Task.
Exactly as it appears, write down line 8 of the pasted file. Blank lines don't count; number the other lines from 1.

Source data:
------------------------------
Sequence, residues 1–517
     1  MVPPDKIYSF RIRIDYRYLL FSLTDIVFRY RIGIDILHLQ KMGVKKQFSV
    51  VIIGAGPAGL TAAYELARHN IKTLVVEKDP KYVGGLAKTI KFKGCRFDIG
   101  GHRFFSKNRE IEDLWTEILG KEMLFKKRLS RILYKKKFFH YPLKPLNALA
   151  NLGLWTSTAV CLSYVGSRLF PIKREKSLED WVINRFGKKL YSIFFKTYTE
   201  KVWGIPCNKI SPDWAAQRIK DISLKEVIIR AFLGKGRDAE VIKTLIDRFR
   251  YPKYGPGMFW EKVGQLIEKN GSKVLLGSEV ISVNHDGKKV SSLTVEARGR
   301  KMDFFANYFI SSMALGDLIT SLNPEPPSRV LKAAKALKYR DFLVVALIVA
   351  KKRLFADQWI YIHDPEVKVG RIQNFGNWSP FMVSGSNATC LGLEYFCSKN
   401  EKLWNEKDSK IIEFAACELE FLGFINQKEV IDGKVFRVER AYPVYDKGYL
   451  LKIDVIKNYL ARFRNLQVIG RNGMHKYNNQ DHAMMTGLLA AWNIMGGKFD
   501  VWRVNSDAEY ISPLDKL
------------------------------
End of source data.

   301  KMDFFANYFI SSMALGDLIT SLNPEPPSRV LKAAKALKYR DFLVVALIVA